February 20, 2018
Mr Vala, who is serving a prison sentence for murder, has hands the size of dinner plates and shoulders like those of an ox. In an alcoholic rage, he used his brutish strength to strangle his girlfriend to death a few years ago.
On a recent Thursday, however, at this summer-camp-like island prison in southern Norway, where convicts hold keys to their rooms and there are no armed guards or fences, Vala used those same enormous hands to help bring life into the world.
The 42-year-old murderer stood watch while an oversize cow gave birth to a wobbly, long-legged, brown-and-white calf. He cried as the baby was born, he said, and wiped slime off of the newborn’s face so she could gulp her first breath.
Afterward, Vala called his own mother to share the good news.
“I told my family that I’m going to be a dad,” he said, beaming with pride.
This is exactly the type of dramatic turnabout — enraged killer to gentle-giant midwife — that corrections officials in Norway hope to create with this controversial, one-of-a-kind prison, arguably the cushiest the world has to offer.
Founded in 1982, Bastoy Prison is located on a lush, 1-square-mile island of pine trees and rocky coasts, with views of the ocean that are postcard-worthy. It feels more like a resort than jail, and prisoners here enjoy freedoms that would be unthinkable elsewhere.
It’s the holiday version of Alcatraz.
There’s a beach where prisoners sunbathe in the summer, plenty of good fishing spots, a sauna and tennis courts. Horses roam gravel roads. Some of the 115 prisoners here — all men and serving time for murder, rape and trafficking heroin, among other crimes — stay in wooden cottages, painted cheery red. They come and go as they please. Others live in “The Big House,” a white mansion on a hill that, on the inside, looks like a college dorm. A chicken lives in the basement, a guard said, and provides eggs for the inmates.
When you ask the cook what’s for dinner, he offers up menu choices like “fish balls with white sauce, with shrimps” and “everything from chicken con carne to salmon.”
Plenty of people would pay to vacation in a place like this.
On first read, all of that probably sounds infuriating. Shouldn’t these men be punished? Why do they get access to all these comforts while others live in poverty?
But if the goal of prison is to change people, Bastoy seems to work.
“If we have created a holiday camp for criminals here, so what?” asked Arne Kvernvik Nilsen, the prison’s governor and a former minister and psychologist. He added, “We should reduce the risk of reoffending, because if we don’t, what’s the point of punishment, except for leaning toward the primitive side of humanity?”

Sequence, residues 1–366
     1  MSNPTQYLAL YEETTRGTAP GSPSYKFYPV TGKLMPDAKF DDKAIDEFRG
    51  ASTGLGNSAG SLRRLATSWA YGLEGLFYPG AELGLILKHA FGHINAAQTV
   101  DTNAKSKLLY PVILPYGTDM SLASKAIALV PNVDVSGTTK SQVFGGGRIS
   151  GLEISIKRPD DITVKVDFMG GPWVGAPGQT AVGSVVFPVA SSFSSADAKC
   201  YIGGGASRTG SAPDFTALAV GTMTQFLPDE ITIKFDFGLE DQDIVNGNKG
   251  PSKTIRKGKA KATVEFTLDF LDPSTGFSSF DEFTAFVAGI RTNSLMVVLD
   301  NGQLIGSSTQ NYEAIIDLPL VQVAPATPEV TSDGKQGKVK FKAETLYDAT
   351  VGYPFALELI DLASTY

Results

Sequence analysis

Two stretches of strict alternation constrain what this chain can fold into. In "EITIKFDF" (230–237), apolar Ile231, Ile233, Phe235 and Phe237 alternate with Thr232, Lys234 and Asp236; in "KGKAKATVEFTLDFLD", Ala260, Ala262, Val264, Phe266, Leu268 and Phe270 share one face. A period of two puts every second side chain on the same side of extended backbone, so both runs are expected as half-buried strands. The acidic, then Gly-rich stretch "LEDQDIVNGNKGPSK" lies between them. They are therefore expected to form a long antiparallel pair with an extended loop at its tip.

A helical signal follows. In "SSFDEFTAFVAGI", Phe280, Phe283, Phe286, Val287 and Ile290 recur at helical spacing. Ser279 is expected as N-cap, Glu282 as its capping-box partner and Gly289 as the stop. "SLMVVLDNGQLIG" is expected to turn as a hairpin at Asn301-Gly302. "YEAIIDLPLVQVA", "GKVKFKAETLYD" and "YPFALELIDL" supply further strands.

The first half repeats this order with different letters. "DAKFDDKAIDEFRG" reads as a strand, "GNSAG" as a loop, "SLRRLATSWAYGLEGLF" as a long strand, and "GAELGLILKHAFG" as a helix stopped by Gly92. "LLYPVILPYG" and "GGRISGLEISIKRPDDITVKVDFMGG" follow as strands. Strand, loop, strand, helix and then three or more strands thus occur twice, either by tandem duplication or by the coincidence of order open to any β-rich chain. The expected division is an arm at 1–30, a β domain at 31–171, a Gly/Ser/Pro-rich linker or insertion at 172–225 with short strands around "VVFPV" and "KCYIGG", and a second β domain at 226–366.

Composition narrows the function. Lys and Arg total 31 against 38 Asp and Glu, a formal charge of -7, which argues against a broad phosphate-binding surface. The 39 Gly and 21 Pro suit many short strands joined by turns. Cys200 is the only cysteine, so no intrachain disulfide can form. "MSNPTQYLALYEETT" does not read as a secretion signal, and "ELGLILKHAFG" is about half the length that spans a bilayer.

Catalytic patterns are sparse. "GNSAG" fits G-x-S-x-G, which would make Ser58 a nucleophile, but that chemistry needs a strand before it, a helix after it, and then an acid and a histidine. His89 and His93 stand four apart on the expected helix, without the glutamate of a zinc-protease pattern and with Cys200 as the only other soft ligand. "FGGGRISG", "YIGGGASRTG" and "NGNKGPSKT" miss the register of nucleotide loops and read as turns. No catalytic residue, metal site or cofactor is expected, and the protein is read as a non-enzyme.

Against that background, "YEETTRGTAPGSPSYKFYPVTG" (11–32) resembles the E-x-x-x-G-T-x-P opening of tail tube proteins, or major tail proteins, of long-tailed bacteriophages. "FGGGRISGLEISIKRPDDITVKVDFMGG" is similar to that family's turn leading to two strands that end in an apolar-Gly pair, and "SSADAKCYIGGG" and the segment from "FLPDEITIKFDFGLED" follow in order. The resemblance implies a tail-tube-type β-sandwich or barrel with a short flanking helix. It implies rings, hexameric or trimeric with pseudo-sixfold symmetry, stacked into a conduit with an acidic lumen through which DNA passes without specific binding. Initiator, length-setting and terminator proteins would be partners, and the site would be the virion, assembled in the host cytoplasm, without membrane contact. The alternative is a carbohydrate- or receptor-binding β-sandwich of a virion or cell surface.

Take a quick look at the numbers: Only 20% of prisoners who come through Norway’s prisons reoffend within two years of being released, according to a 2010 report commissioned by the governments of several Nordic countries.
At Bastoy, that figure is even lower, officials say: about 16%.
Compare that with the three-year re-offense rate for state prisons in the U.S.: 43%, according to a 2011 report from the Pew Center on the States, a nonpartisan research group. Older government reports put that number even higher, at more than five in 10.
Ryan King, a research director at Pew and an author of the group’s recent report, said it’s difficult to compare recidivism rates from state to state, much less from country to country. Instead of focusing on the numbers, he said, one should focus on what a country is or isn’t doing to tackle re-offense rates.
Still, Bastoy remains controversial even in academia. Irvin Waller, president of the International Organization for Victim Assistance and a professor at the University of Ottawa, said in an e-mail that the relative niceness of a prison has no effect on whether people commit crimes when they’re released. “The key is not that much what happens in prison but what happens when the men are released,” he said.
But officials here maintain that their methods do make a difference, and they follow it up with post-release programs. The aim of Bastoy is not to punish or seek revenge, Nilsen said. The only punishment is to take away the prisoner’s right to be a free member of society.
Even at a time when Anders Behring Breivik is on trial in Norway for killing 77 people in a terror attack last year
— and the remote possibility he could end up at Bastoy or a similar prison some day — Nilsen and others stand up for this brand of justice.
Life at Bastoy